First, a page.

This chapter is based on training materials created by Leyland and McLeod (2000). The training materials in this chapter and the two chapters that follow are designed to be used either constituting part of a formal course or as a self-learning aid. They provide an introduction to the ideas behind multilevel modelling and a guide to analysis using the software package MLwiN. Further details on multilevel modelling and MLwiN are available from the Centre for Multilevel Modelling http://www.bristol.ac.uk/cmm/. The materials have been written for MLwiN v3.01. The teaching version of the software is available from https://www.bristol.ac.uk/cmm/software/mlwin/download/.

When working through the examples in this book, the user should periodically save the worksheet. Throughout these materials the instructions to the user appear in boxes. Selections to be made by the user appear in bold type, and variable names are given in CAPITALS. If you have to click on a term in an equation, this is presented in bold and italics.

Introduction to the Dataset

The data are taken from the local mortality datapack and detail deaths from all causes in England and Wales in the period 1979–1992. These data can be found at the UK Data Service. The raw data comprise two files: one containing information on deaths over this time period and the other detailing the populations of the relevant areas (districts in England and Wales) in each year. For further information on this and other available datasets, the user should visit the UK Data Service website https://discover.ukdataservice.ac.uk/.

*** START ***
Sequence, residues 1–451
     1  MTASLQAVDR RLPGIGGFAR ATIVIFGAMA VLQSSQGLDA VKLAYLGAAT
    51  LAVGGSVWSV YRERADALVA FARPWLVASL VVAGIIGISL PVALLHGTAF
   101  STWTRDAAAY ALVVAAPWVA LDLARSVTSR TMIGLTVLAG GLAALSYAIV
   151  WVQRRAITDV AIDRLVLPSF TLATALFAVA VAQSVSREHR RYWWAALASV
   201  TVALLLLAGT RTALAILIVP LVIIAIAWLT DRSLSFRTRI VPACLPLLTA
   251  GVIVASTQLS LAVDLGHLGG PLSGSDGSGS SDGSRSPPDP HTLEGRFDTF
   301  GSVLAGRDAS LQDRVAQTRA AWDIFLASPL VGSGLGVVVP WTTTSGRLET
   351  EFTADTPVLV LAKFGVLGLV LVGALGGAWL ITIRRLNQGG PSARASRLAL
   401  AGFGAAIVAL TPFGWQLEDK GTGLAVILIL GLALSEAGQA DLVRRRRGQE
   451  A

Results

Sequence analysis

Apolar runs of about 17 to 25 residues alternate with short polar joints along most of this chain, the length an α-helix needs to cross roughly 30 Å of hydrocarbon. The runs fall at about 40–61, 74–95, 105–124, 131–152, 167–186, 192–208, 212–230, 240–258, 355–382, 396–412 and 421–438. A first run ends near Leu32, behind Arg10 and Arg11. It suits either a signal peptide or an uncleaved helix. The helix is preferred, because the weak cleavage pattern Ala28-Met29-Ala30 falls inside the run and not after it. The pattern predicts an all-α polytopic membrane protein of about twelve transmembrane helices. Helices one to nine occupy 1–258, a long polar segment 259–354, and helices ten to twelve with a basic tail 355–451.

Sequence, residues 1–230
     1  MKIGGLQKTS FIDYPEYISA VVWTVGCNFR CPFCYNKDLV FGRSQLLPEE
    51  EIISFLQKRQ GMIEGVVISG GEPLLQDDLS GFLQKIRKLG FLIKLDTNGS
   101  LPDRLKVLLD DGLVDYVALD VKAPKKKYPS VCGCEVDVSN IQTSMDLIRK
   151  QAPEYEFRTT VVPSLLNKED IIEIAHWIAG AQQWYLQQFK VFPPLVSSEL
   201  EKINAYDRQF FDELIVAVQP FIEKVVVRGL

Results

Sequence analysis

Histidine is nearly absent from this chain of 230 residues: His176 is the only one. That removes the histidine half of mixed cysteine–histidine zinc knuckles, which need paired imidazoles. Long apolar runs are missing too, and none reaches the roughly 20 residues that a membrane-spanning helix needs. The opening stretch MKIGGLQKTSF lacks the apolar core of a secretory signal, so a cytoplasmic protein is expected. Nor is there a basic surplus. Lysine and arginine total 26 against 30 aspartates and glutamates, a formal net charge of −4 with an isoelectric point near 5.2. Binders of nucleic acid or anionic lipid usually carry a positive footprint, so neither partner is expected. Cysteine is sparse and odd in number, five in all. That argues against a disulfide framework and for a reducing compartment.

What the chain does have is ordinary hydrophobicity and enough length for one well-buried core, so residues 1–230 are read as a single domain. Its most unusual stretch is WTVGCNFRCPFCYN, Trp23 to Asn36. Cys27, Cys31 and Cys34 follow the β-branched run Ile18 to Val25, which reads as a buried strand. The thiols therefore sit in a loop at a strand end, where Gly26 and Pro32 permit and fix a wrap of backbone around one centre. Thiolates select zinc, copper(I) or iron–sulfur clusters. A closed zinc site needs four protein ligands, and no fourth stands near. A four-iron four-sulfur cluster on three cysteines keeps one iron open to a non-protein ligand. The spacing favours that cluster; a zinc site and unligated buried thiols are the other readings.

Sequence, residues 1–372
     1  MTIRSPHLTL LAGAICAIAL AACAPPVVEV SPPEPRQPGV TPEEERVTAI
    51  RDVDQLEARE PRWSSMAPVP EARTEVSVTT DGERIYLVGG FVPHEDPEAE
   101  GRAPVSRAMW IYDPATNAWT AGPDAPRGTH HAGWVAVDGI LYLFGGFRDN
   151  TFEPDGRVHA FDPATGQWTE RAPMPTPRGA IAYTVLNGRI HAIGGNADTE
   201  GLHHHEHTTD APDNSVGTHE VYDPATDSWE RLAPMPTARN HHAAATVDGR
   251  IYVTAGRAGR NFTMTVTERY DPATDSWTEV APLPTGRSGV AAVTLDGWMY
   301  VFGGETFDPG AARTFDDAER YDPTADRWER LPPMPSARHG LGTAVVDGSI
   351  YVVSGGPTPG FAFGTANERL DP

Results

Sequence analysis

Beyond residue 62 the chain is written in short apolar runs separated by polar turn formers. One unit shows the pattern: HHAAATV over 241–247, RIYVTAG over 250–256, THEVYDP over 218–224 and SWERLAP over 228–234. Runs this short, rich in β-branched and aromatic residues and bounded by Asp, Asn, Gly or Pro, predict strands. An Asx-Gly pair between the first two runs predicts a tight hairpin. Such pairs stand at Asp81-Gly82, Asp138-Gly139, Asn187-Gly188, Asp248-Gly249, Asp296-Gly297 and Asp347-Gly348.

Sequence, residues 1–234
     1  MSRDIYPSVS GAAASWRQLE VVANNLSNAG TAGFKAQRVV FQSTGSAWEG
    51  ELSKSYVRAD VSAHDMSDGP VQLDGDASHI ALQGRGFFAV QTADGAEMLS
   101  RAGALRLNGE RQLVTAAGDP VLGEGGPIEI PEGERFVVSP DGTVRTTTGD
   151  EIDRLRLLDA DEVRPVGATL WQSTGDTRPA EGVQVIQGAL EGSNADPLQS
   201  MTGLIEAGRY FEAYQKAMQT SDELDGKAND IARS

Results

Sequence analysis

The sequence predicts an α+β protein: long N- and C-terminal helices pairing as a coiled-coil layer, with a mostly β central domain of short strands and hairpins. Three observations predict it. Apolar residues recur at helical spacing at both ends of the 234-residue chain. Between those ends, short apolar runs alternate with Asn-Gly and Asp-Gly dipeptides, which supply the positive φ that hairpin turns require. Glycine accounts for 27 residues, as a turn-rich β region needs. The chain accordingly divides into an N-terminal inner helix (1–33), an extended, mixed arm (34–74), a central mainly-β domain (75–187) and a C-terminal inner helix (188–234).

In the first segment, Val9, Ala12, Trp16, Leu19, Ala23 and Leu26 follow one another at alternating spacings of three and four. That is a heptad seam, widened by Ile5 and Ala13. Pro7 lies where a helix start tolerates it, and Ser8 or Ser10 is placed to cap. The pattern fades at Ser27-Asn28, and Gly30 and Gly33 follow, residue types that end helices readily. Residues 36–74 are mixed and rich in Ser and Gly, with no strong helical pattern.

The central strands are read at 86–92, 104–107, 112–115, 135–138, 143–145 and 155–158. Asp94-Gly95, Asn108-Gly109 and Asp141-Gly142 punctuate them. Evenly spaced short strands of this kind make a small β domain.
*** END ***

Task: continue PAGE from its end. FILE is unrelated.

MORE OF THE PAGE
Research Questions

In this tutorial, we will answer the following research questions:

  1. 1.

    What is happening to mortality rates over time?

  2. 2.

    How much variation in mortality rates is there between districts of England and Wales?

  3. 3.

    Is this variation just between districts, or are there also differences between the mortality rates of counties?

  4. 4.

    Does mortality vary according to the type of area?

  5. 5.

    What is happening to the variation in mortality rates over time?

Introduction to MLwiN

Opening a Worksheet

MLwiN files are known as worksheets and these store all the data and model settings from the last saved version. We will start by opening the file ‘lmdp.wsz’—an MLwiN worksheet that has already been prepared for analysis.

  • In MLwiN, go to the File menu

  • Select Open worksheet

  • Navigate to the folder containing the data file

  • Open the worksheet called lmdp.ws

The name of the current file appears in the bar at the top of the MLwiN window.

Names Window

We can view a summary of this worksheet using the Names window. This will automatically appear when a worksheet is opened in MLwiN; at other times, the Names window can be called up as follows:

  • Go to the Data manipulation menu

  • Select Names